Active Learners Blog
The Older Group with their musical instruments.
The Older Group with their musical instruments.

I always start the year finding out what the children want to learn and wish to accomplish during the course of the school year, so I can plan lessons around their ideas and incorporate them into the flow of our school days.

I love doing this because it gives us unlimited possibilities. Responses often include things like learn geometry, learn new unicycling tricks, learn about countries, learn to play the ukulele, learn to cook; responses are as individual as the children. It is so interesting to find out what the children want to learn and discover and such useful information for planning a rich and eventful school year. I also have many ideas for the Older Group (OG), as do Sally, Bill, Brian, and this year Dennis as well. Looking back over this past year, it is amazing what a vast amount of things we have experienced, learned, and accomplished, having tremendous fun while we did. When Antioch School children come home and report that they played all day, in a sense they have. When everyone is involved in the planning, when we play with concepts, laugh and cry over good books, play music, hike, learn, explore math, reflect in nature, are fully engaged, and approach learning with joy and enthusiasm, it could be described as play.

It has been fabulous having Dennis Farmer here to teach music to the entire school. In the Older Group, under Dennis’s gentle and joyful tutelage, we had the opportunity to learn to play brass, woodwinds, flutes, and/or strings. Almost every child in the OG decided to participate in either the band or the orchestra classes. The first day that children brought in their instruments was so exciting! Cases were open, and shiny instruments glowed with possibilities, as did the faces of the children. They wasted no time getting them out, putting together the ones that needed to be assembled, and trying them out. After the first class, I am not certain anyone was able to put down his or her instrument, and for most of the day, music was played in the OG, the quiet room, and in the hall.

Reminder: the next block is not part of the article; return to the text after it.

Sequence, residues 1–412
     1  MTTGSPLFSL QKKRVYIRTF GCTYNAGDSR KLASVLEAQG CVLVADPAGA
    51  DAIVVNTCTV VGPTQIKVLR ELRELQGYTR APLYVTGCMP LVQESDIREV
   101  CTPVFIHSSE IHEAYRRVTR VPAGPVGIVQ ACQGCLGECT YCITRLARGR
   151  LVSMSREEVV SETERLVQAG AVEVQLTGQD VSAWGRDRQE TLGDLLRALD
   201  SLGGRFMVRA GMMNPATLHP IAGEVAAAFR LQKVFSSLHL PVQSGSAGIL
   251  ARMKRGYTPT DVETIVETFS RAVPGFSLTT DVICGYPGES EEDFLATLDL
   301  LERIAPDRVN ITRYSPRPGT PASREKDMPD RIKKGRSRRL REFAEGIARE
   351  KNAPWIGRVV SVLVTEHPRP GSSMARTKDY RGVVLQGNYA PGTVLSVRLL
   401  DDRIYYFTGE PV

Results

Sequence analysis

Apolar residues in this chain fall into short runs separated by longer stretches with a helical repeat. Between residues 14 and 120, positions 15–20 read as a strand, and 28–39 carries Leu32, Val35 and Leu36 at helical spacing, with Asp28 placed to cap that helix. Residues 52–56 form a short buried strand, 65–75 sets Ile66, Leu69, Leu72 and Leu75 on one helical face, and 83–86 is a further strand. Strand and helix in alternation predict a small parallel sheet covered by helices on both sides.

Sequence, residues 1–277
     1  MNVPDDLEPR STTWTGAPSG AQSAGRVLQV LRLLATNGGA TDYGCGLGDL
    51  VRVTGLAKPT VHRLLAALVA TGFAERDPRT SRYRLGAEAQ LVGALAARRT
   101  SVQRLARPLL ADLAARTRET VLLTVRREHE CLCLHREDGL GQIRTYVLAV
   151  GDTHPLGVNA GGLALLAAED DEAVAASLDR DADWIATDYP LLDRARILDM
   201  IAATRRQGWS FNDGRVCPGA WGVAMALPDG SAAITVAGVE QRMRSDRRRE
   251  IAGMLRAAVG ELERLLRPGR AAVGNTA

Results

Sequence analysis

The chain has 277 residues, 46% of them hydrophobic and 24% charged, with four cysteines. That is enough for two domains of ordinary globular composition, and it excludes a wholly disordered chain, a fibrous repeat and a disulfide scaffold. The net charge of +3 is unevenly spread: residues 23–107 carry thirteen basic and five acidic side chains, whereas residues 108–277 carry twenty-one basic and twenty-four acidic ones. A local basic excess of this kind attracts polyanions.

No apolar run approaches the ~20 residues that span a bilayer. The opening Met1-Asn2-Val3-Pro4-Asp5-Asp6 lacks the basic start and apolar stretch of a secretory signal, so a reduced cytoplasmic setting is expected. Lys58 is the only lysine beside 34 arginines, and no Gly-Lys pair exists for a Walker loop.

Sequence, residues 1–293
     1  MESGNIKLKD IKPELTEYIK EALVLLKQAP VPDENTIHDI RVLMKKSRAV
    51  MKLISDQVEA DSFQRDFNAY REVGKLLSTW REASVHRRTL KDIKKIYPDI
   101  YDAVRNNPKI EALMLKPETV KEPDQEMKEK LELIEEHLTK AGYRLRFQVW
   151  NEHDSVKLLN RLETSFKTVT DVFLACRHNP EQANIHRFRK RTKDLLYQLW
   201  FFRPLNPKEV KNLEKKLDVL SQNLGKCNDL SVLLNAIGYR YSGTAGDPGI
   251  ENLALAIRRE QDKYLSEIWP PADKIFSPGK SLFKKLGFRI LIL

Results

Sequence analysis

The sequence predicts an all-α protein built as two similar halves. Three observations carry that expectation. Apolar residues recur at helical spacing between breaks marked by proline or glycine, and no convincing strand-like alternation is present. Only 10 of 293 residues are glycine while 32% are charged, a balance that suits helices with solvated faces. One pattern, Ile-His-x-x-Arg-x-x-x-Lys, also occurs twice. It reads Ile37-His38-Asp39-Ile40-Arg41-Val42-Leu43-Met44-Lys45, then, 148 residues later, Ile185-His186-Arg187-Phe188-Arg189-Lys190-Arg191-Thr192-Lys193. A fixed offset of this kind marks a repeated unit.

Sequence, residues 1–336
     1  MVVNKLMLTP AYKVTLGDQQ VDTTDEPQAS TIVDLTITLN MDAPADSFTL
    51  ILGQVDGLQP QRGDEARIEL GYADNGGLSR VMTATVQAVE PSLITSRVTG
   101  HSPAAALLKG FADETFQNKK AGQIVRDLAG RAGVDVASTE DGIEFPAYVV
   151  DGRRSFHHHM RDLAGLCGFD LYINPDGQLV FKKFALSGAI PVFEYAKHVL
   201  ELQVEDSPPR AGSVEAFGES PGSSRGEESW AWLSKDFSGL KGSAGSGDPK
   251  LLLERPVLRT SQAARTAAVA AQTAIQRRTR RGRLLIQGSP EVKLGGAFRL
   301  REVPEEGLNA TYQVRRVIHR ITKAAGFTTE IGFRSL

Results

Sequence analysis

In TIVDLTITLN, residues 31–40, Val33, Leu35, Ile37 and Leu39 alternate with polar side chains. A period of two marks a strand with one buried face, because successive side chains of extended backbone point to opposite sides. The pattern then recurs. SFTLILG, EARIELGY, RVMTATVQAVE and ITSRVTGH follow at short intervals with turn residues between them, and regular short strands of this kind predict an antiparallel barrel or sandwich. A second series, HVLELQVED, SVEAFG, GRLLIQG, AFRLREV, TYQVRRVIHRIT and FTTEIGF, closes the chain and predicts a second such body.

Some children took to their instruments easily. They learned how to play the notes and were rapidly off playing other pieces by ear, and embellishing the ones we were learning in class. They learned to harmonize with each other’s instruments, and found time in either project time or free time to play together just for fun. Other children had to work harder to learn the correct positioning of hands, lips, or body, how to bow or how to manage air flow. While everyone, with motivation, practice, and good instruction, can become a musician, not everyone can just pick up an instrument and make it work for them. One of the great things about Dennis is that he was always available for one-on-one instruction early in the morning. Children who needed the extra time and instruction received it, and over the year, this really showed in both their musicality and their confidence as musicians.

It is always interesting to observe what motivates that extra desire to learn. In the case of music, it is often hearing our instruments really sound musical as we get better through practice. It was a joy to watch Zenya’s love for his cello develop over the school year. Carter took a much greater interest in his bass, after seeing and hearing the bass player at the Jill and Julia Show. A really cool bass player can do that for you. There came that time when there was a shift from duly practicing, to enthusiastic learning and joyful playing. After developing an interest in and love for their music, both Zenya and Carter auditioned for music studies at Stivers School for the Arts. Both passed their Stivers auditions in music — a very nice accomplishment in addition to becoming aspiring musicians.

After watching the first few band and orchestra classes and the pleasure the children were having, I had to ask Dennis if teachers could join the music class. How happy Sally and I were when he said yes! Sally chose trumpet, and I chose clarinet, and we joined in the fun. Over the course of the school year, all of the children worked hard and most had a great time learning their instruments. Luka joined the Older Group toward the end of the school year and valiantly took on the clarinet, keeping up with the class the best he could as a beginner. The more experienced musicians took on harmony parts so we could go back to some beginning songs to include Luka in our practice sessions and performances. Both Dallas and Corinne spent quite a bit of time in the OG at the end of the school year, deciding to begin their transitions in the spring. Both girls, along with Galen and Timmy, joined as percussionists. We ended our year of music playing “Cherokee Chief” as a full orchestra. We accomplished so much in one school year it was inspiring. Quite a few children joined the Yellow Springs Summer Music Camp (founded by Shirley Mullins 50 years ago) to continue learning their instruments and to enjoy playing with a group of musicians.